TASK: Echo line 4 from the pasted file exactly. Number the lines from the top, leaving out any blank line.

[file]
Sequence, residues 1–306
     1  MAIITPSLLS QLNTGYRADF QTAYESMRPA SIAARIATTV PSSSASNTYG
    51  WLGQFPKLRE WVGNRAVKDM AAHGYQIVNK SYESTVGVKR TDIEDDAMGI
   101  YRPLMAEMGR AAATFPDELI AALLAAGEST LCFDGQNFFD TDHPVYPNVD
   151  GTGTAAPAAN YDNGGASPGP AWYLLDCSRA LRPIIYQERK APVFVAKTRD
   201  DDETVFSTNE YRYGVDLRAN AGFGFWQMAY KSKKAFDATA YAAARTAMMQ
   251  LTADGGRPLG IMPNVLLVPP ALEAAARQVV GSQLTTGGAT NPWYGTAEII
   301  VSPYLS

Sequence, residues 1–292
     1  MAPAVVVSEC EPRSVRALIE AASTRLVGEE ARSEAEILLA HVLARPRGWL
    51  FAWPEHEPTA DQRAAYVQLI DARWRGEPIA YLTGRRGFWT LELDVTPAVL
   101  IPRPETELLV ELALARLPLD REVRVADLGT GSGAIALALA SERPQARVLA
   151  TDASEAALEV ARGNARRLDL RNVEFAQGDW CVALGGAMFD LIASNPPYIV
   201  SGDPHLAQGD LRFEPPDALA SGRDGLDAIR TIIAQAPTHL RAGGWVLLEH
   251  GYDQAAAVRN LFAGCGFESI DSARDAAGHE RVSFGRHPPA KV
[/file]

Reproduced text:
   101  YRPLMAEMGR AAATFPDELI AALLAAGEST LCFDGQNFFD TDHPVYPNVD